The ITIJ team have been reporting live from ITIC Global in Barcelona this week (November 2023) sharing the discussions that took place at the conference. Read all reports
Darren Saunders, Managing Director, Payingtoomuch.com, Staysure Group
Saunders began by defining what a mental health disorder is, followed by the statistics that one in eight people live with such a condition.
In conjunction with travel insurance, he noted that ‘pre-existing medical conditions (PEMC) travel insurance cover for mental health conditions was an automatic exclusion across travel insurance policies until around 10 years ago’. However, despite being fully claimable now, Saunders clarified that mental health conditions must be declared as a PEMC and substantiated by a medical expert.
For underwriters, mental health cover is written in the same way as other PEMC. They will use claims history to determine risk, but difficulties remain, explained Saunders. Firstly, because of the block exclusion of cover until 10 years ago, which means that this dataset is still being built. Also, many customers don’t declare their mental health condition as they don’t view it as a PEMC. Finally, the social stigma of mental health conditions continues, despite increasing awareness.
Advancements in screening for pre-existing mental health conditions is assisting the travel insurance industry, for both insurers and customers, said Saunders. The Verisk Black Box screening tool has found that mental health declarations account for 11.4–13.8 per cent of the top 20 declared conditions, yet the risk score for travellers with mental health conditions is up to 2.5 – Saunders highlighted scoring for other conditions can go up to 70.
He further explained the challenges insurers are facing:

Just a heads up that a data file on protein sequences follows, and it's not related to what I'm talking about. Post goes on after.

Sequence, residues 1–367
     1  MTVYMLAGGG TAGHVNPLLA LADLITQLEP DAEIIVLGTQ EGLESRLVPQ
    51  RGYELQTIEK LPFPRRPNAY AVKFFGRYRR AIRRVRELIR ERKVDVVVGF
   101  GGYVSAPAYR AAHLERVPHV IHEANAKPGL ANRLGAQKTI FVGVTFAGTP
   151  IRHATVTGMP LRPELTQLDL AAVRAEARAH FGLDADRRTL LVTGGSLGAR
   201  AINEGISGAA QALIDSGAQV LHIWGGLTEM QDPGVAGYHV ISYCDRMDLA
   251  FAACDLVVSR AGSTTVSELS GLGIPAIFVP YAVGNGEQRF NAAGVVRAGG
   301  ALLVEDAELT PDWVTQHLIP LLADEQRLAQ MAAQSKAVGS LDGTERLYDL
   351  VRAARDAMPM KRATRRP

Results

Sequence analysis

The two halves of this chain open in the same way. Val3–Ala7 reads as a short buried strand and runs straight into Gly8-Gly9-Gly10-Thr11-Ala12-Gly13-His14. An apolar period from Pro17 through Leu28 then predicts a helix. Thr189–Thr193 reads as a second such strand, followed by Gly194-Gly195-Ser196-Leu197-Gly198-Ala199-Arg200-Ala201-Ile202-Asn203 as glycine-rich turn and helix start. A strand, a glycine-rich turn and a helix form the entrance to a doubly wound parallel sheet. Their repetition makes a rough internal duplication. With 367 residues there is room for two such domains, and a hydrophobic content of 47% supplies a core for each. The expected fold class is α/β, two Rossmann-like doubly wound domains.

- Airline repatriation – airlines are reluctant to carry unstable passengers
- In-network mental health facilities – hospitals cater for physical rather than mental health
- Understanding of local mental health facilities and quality control
- Management and ongoing treatment are lengthy and specialised
- Impact of physical conditions on mental conditions – can delay other treatment or repatriations.
To conclude, Saunders said that travel insurance coverage for people with mental health conditions has significantly improved over the past decade but there is still room to develop. This will come with better underwriting skills, tools, datasets and understanding of mental health conditions, which will then benefit the needs of those customers. As Saunders summarised: “If we stand still, we go backwards.”
Susan Yates, Head of Americas Region, Falck Global Assistance
Yates brought the perspective of the assistance services side, including healthcare services and medical transportation.
She explained that incidences of mental health cases in the assistance industry can vary depending on the clients themselves – whether they are students, expats or digital nomads – and the nature of the insurance coverage – any exclusions for mental health or pre-existing medical conditions.
Yates highlighted that eight per cent of Falck’s global assistance cases related to mental health, with one per cent of them being severe enough to need hospitalisation and potential repatriation. She said the company usually sees cases related to:
- Stress, anxiety, and/or isolation
- Substance abuse
- Lack of medication compliance
- Lack of access to appropriate mental health services – waiting times, language issues
- Post-traumatic stress disorder (PTSD) from witnessing tragic events.
Yates then presented a severe mental health case study from Brazil. The patient had witnessed an incident where a child was killed. This patient had also stopped taking their prescribed medication for bipolar II disorder. They went into a manic state and were involuntarily hospitalised and would not provide information on their medication or sign a HIPAA release. Falck contacted the patient’s emergency contact, their sister, for more information, but she didn’t know the medication details; their brother, however, was able to provide the information. Once the patient was stabilised, arrangements for repatriation were discussed but the patient refused to be transported. The brother also had power of attorney and authorised Falck to repatriate. The patient was transported with their brother and a specifically chosen escort to offer support during the repatriation and was re-hospitalised at home.
This case shows how bystanders can often be overlooked in emergency situations. Yates explained that Falck and others are launching programmes to support bystanders on-scene and in the following weeks via online or local resources. She also explained the learnings from this case, such as involuntary hospitalisation and legal/privacy challenges, which differ from country to country.